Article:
Aleksander Około-Kułak [Poles in Liepājā] (1942)POLONIKA The National Institute of Polish Cultural Heritage Abroad
Aleksander Około-Kułak (1906–1989), was a composer. He was born in Liepājā, son of Antoni and Aleksandra née Bielikiewicz. His tango for voice and piano, Smutno (I’m sad), was released in 12 languages throughout the 1930s, bringing him recognition all over Europe.
In 1944 he and his family left Liepājā, stayed in Paris for several years and then settled in the USA.
At the end of the 19th century Liepājā was one of the most important commercial and industrial centres of the Russian Empire. It is worth mentioning that Polish engineers played an important role in creating the conditions for this unprecedented economic development. Names such as Heydatel, Mac-Donald, Bloch or Gałęzowski are practically unknown in today’s Liepājā, but the material heritage of their activities has survived.
Anna Ostrowska (1891–1970), was an educator. She graduated from the private school of A. Jastrzębska in Riga, in the years 1908–1915 she was a teacher in schools for the lower classes run by the “Oświata” Society in Riga. From September 1920 she was a teacher at the Polish Primary School No. 1 in Liepājā, and between 1945 and 1948 she was the principal of the Polish school in Liepājā. When the school was closed by the Soviet authorities, she moved to Poland and settled in Gdynia.
Bolesława Zdanowska (1908–1982), was a photographer and educator. She was born in Liepājā, and was a daughter of Janina and Bolesław Tałłat-Kiełpsz. She first learned the profession at her parents’ photographic studio, which operated in Liepājā between 1909 and 1926, and then she studied under Jan Bułhak in Vilnius. From 1934 she and her husband Edmund Zdanowski ran a well-known and respected photographic studio in Vilnius. After the war they founded one of the first photography schools in Poland – currently the School of Fine Arts in Gdynia-Orłowo.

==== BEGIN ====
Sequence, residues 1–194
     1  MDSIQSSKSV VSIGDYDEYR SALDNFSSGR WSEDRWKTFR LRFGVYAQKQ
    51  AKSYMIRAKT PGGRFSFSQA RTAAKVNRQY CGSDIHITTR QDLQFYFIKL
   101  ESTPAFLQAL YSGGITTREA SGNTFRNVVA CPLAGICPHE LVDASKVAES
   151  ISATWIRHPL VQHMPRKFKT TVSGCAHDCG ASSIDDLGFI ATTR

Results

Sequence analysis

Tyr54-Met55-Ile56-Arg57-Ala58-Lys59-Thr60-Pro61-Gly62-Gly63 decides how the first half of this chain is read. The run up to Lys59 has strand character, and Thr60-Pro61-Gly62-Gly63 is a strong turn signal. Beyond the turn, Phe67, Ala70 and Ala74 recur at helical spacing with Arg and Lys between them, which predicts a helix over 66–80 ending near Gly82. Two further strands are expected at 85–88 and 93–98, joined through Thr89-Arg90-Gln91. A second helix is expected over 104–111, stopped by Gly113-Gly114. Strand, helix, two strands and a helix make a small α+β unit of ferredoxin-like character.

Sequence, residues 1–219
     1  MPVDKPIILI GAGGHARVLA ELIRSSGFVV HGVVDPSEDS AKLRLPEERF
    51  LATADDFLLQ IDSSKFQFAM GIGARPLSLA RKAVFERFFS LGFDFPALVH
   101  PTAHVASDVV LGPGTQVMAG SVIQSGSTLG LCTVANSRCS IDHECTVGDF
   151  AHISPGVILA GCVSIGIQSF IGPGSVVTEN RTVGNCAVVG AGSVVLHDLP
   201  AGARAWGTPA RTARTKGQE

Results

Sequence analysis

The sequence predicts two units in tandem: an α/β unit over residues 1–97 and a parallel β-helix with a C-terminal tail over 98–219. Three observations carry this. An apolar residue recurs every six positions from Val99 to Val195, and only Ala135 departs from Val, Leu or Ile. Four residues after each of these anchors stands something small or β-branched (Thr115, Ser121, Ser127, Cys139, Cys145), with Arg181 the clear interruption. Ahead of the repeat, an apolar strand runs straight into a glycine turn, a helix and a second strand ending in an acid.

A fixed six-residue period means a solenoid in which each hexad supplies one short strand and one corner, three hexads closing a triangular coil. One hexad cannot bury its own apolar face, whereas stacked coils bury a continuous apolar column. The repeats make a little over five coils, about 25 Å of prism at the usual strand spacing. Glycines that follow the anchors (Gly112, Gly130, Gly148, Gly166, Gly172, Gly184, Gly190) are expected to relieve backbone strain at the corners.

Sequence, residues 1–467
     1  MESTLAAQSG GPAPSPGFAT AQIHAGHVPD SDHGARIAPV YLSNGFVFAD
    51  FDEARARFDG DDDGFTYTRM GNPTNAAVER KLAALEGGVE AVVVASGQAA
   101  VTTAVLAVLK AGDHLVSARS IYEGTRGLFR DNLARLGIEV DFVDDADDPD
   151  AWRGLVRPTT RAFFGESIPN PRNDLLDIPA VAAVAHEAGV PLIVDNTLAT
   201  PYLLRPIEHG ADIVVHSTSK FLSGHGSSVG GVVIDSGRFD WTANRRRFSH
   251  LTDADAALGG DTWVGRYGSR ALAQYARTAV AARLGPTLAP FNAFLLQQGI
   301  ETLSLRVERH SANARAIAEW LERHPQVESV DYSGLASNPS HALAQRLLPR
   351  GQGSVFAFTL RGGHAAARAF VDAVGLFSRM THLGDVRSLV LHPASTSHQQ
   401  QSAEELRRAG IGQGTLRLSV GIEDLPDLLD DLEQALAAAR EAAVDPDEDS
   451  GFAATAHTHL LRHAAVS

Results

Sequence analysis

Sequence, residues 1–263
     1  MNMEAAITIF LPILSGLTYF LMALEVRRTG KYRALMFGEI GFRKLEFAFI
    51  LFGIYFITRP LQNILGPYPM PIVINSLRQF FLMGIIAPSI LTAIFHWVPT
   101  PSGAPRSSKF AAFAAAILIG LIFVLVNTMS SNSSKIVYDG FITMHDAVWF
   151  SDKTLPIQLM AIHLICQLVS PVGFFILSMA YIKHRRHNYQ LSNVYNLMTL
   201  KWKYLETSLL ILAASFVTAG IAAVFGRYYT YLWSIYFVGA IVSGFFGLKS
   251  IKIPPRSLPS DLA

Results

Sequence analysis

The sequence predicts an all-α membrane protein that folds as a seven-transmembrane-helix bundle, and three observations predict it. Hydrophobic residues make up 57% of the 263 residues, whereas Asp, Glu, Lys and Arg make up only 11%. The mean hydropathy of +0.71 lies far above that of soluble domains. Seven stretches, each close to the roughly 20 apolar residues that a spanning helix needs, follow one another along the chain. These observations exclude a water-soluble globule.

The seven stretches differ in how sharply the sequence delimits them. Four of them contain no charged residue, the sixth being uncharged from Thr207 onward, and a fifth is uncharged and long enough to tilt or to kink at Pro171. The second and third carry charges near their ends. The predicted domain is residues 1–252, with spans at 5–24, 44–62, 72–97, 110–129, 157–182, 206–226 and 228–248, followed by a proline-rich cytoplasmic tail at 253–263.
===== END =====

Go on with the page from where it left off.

Franciszek Adamanis (1900–1962), born in Liepājā, was a chemist, pharmacist and author of academic textbooks. In the years 1938–1962 (except during World War II) he was the head of the Department of Pharmaceutical Chemistry and then dean and deputy rector of the Medical Academy in Poznań.
In 1992 the library of the Faculty of Pharmacy was named after Professor F. Adamanis.
Stanisław Hejmowski (1900–1969), was a lawyer. He was born in Liepājā, and his father, Konstanty, was a lawyer, social activist and city councillor. He finished secondary school in Liepājā, and after 1918 he settled in Poland. He was the counsel for the defense in the show trials following the June 1956 workers’ protests in Poznań, and in the trials of several members of the anti-communist underground movement. He was persecuted by the authorities of communist Poland and disbarred. In 2006, on the 50th anniversary of the June 1956 protests, one of the streets in Poznań was named after him.
Gabriel Narutowicz (1865–1922), was a civil engineer, professor at the Swiss Federal Institute of Technology in Zurich; after 1918 he was the Minister of Public Works, Minister of Foreign Affairs and the first President of the Republic of Poland. He finished secondary school in Liepājā (1883).
Liepājā. Spa Park (1900)POLONIKA The National Institute of Polish Cultural Heritage Abroad
After World War I and the subsequent restoration of Poland’s independence, many Polish families left Liepājā and settled in Poland. Out of the 7-8 thousand Poles living in the city before 1914, about 2.5 thousand lived in the town in the interwar period. Nevertheless, it was a time of great development of the social and cultural life of the Polish colony: several Polish social organizations were active in the city, there were two Polish schools (until 1929, when one of them closed), and until mid-1931 Liepājā was the site of a Polish consulate.
The outbreak of World War II and the occupation of Latvia by the Red Army brought an end to Polish social life in the city. Currently, there are about 800 inhabitants of Polish origin living in Liepājā. The Polish Society “Wanda” plays an active role among the social organizations operating in the city.
based on a book and exhibition by Marek Głuszko „Polacy w Lipawie. Historia znana, nieznana, zapomniana”, edited by POLONIKA The National Institute of Polish Cultural Heritage Abroad Warsaw 2018
editor: Anna Ekielska
Copyright © Marek Głuszko, 2018
Copyright © Narodowy Instytut Polskiego Dziedzictwa Kulturowego za Granicą POLONIKA, 2018
The Ministry of Culture and National Heritage